Maine House Speaker Sara Gideon, the presumed frontrunner in the Democratic U.S. Senate primary, used Monday’s Maine Public debate to tout her policy goals if she’s able to knock off incumbent Republican U.S. Sen. Susan Collins in November.
Gideon mostly sidestepped critiques from Democratic rivals Betsy Sweet and Bre Kidman, including assertions that her $23 million campaign war chest runs counter to her vow to get big money out of politics.
Instead, Gideon focused on issues like prescription drug prices that she hopes will lift her to victory in November.
For starters, she says Medicare should negotiate drug prices.
“No. 2, we need to cap out-of-pocket prescription drug costs for seniors, and No. 3, we need to end pay for delay schemes, which keep generic drugs from coming to market and allowing all of us to have lower costs,” she says.
Sweet and Kidman argued that Medicare for All would lower the cost of prescription drugs.
Sweet says Democratic primary voters should not be deterred by the ongoing pandemic and sputtering economy when they go to the polls July 14. She attempted to pair her populist progressive policy agenda with a campaign that has been significantly outspent and overshadowed by Gideon.
“There is more at stake in this election than we are ever going to learn from a bunch of ads on TV. This could be our Social Security moment, the time when we can actually turn a crisis into an opportunity. The question is, are we ready to step up?” Sweet said.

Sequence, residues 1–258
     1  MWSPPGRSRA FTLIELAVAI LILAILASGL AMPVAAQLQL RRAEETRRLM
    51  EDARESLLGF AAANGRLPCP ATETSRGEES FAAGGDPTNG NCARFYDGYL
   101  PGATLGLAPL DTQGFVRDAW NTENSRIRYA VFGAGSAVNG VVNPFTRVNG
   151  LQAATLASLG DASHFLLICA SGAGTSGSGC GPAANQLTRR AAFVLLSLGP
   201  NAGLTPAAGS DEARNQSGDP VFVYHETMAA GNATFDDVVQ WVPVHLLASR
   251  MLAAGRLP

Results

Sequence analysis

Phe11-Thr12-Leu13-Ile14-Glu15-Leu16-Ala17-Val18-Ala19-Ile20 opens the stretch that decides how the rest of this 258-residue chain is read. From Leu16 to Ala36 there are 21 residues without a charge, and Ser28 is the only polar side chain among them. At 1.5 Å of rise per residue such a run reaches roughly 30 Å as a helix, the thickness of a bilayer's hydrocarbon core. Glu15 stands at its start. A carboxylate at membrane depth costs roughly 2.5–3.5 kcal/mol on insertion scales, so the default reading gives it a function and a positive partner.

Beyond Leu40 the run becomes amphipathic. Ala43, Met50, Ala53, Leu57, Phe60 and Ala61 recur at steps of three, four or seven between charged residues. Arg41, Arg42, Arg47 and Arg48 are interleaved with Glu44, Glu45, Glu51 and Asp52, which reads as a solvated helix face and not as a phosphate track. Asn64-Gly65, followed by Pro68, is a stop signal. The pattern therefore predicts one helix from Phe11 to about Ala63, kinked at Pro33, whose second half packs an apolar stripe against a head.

A longtime lobbyist at the Maine State House, Sweet finished third in the crowded 2018 gubernatorial primary.
She has raised just over half a million dollars compared to Gideon’s $23 million, but she has won endorsements from prominent progressive groups.
Saco lawyer Bre Kidman is the third Democrat on the July ballot, and says income inequality is at the root of many of the country’s societal problems, including the divisiveness in national politics.
Kidman, an attorney from Saco, says the issue is central to a campaign designed to defeat Collins.
“People who are experiencing the extreme wealth injustice in this country are frustrated and are fed up with it. And unfortunately millions and millions of dollars go into the idea that we should fight each other about it instead of the people who keep perpetuating that system,” Kidman says.
Kidman has largely forsaken traditional fundraising methods during the campaign. Sweet and Gideon are running more conventional campaigns, but U.S. Senate Minority Leader Chuck Schumer hand-picked Gideon last year, a move that has given her a big edge in fundraising and organization.
Democratic primary voters will decide July 14 which of the three candidates will take on Collins this fall.
For more coverage of the 2020 election, visit mainepublic.org/yourvote.